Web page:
Morocco’s unexpected march to the World Cup semi-finals can be attributed partly to a policy of deliberately seeking out talent in the Diaspora to strengthen the national team and give them a better chance of success.
Fourteen of Morocco’s 26-man squad were born outside the country, more than any other team at the football tournament in Qatar, providing an eclectic mix of players from growing migrant communities across Europe who have helped them break new ground.
The shock 1-0 quarter-final win over Portugal on Saturday made Morocco the first African and Arab nation to reach the last four of a World Cup.
Canadian-born goalkeeper Younes Bounou has conceded only one goal, Madrid-born Achraf Hakimi has been outstanding on the right flank, Dutch-born Sofyan Amrabat a powerful midfield enforcer and French-born Sofiane Boufal a menace on the left.
Finding eligible players in countries like Belgium, France, Germany, Italy, the Netherlands, and Spain is now a structured exercise, as opposed to the haphazard system when the first foreign-born Moroccans competed for the national team at the 1998 World Cup in France.
Moroccans are one of the largest migrant populations in Europe, estimated at some five million, and have close ties with the country. A study by the Council of the Moroccan Community Abroad, a government agency, concluded that 61% of Moroccans in Europe between the ages of 18 and 35 visit the kingdom every year.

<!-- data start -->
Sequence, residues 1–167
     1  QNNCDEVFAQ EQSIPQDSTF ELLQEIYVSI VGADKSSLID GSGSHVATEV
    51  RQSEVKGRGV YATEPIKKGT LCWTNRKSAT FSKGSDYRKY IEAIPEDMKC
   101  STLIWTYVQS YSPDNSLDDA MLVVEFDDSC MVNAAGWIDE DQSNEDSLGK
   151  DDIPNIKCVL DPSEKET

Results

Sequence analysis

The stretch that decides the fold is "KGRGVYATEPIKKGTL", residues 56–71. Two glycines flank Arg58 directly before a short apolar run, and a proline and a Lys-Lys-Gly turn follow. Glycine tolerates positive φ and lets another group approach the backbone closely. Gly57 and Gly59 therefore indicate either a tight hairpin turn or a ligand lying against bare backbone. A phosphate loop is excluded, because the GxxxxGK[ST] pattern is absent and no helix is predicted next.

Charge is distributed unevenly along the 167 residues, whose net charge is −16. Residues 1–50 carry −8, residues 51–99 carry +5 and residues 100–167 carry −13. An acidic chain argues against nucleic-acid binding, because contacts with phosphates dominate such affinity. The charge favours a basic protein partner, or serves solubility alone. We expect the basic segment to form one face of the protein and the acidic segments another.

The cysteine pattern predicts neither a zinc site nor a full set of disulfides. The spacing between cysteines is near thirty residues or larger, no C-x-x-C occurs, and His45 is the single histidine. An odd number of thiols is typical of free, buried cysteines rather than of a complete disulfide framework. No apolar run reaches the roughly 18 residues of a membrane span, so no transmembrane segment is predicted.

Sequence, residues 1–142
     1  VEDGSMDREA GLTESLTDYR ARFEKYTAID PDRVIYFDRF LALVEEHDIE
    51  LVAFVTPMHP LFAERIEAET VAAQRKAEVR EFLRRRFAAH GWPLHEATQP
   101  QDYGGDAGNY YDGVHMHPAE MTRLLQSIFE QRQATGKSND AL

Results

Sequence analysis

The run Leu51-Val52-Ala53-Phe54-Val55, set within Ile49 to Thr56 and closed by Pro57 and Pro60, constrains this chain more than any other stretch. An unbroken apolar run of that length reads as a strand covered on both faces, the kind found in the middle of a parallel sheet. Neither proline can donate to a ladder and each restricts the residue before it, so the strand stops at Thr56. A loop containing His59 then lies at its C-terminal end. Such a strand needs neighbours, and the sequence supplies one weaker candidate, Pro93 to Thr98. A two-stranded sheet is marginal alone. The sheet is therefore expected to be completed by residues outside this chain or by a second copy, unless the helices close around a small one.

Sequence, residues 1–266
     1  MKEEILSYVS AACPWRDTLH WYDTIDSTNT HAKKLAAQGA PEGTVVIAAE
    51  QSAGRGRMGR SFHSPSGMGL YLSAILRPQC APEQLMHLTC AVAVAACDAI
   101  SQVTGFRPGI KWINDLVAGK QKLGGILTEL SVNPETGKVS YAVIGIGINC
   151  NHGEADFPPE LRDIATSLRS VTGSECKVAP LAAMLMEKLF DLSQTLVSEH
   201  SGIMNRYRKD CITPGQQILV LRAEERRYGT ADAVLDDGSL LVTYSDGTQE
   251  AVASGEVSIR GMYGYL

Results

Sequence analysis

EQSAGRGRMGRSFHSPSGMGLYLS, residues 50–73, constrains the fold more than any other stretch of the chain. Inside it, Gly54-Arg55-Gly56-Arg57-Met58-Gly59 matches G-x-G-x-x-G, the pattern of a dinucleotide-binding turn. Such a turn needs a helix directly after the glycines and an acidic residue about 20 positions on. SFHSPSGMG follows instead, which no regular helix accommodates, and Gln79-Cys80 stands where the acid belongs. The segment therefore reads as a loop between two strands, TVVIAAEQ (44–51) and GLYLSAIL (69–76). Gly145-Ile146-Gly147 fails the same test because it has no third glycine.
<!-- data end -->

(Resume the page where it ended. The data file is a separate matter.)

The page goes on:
The Royal Moroccan Football Federation has talent scouts dotted around Europe and move quickly when there is a potential clash of loyalties. Dutch-born Hakim Ziyech had talks with both the Moroccans and Netherlands coach Ronald Koeman about which country he would commit his international future to before deciding on Morocco.
Amrabat, who like Ziyech represented the Netherlands at junior level, switched allegiance for family reasons.
“My parents are Moroccan and my grandparents are Moroccan. Every time I go there I can’t describe the feeling inside me in words, it’s my home. The Netherlands is also my home, but Morocco is special,” he said.
“The players are approached very early in order to attract them to the Moroccan side. We never force things, it’s an honest discussion with the player and his family,” explains Noureddine Moukrim, a youth coach in Belgium who scouted for Morocco for nine years.
But there are doubters about the policy, who feel this assiduous courting of overseas-born players retards opportunity for home-born footballers.
“Before this World Cup we had a lot of problems about the guys born in Europe and guys not born in Morocco and a lot of journalists said, ‘Why don’t we play with guys born in Morocco?’,” said coach Walid Regragui, himself a former foreign-born international.
“Today we have shown that every Moroccan is Moroccan. When he comes to the national team he wants to die, he wants to fight. As the coach, I was born in France, but nobody can have my heart for my country.”